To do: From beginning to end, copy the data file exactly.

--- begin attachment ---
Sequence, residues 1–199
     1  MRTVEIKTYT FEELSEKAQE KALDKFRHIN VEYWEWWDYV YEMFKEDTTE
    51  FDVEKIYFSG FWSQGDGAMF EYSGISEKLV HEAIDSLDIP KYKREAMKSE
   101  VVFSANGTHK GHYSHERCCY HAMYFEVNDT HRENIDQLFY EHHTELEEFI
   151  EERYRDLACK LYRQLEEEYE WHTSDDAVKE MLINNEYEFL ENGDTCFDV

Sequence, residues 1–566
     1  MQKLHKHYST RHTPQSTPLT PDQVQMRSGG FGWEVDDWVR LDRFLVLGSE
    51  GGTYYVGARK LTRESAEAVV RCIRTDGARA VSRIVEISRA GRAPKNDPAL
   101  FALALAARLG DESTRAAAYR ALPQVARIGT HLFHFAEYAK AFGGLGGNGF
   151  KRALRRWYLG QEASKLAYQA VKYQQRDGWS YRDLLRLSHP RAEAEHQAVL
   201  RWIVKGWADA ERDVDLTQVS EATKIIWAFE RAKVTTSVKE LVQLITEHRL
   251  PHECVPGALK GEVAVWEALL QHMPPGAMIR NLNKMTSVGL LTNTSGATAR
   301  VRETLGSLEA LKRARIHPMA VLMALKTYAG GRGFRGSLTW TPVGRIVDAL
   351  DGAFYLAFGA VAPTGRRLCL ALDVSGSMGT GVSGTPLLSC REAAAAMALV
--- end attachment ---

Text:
Sequence, residues 1–199
     1  MRTVEIKTYT FEELSEKAQE KALDKFRHIN VEYWEWWDYV YEMFKEDTTE
    51  FDVEKIYFSG FWSQGDGAMF EYSGISEKLV HEAIDSLDIP KYKREAMKSE
   101  VVFSANGTHK GHYSHERCCY HAMYFEVNDT HRENIDQLFY EHHTELEEFI
   151  EERYRDLACK LYRQLEEEYE WHTSDDAVKE MLINNEYEFL ENGDTCFDV

Sequence, residues 1–566
     1  MQKLHKHYST RHTPQSTPLT PDQVQMRSGG FGWEVDDWVR LDRFLVLGSE
    51  GGTYYVGARK LTRESAEAVV RCIRTDGARA VSRIVEISRA GRAPKNDPAL
   101  FALALAARLG DESTRAAAYR ALPQVARIGT HLFHFAEYAK AFGGLGGNGF
   151  KRALRRWYLG QEASKLAYQA VKYQQRDGWS YRDLLRLSHP RAEAEHQAVL
   201  RWIVKGWADA ERDVDLTQVS EATKIIWAFE RAKVTTSVKE LVQLITEHRL
   251  PHECVPGALK GEVAVWEALL QHMPPGAMIR NLNKMTSVGL LTNTSGATAR
   301  VRETLGSLEA LKRARIHPMA VLMALKTYAG GRGFRGSLTW TPVGRIVDAL
   351  DGAFYLAFGA VAPTGRRLCL ALDVSGSMGT GVSGTPLLSC REAAAAMALV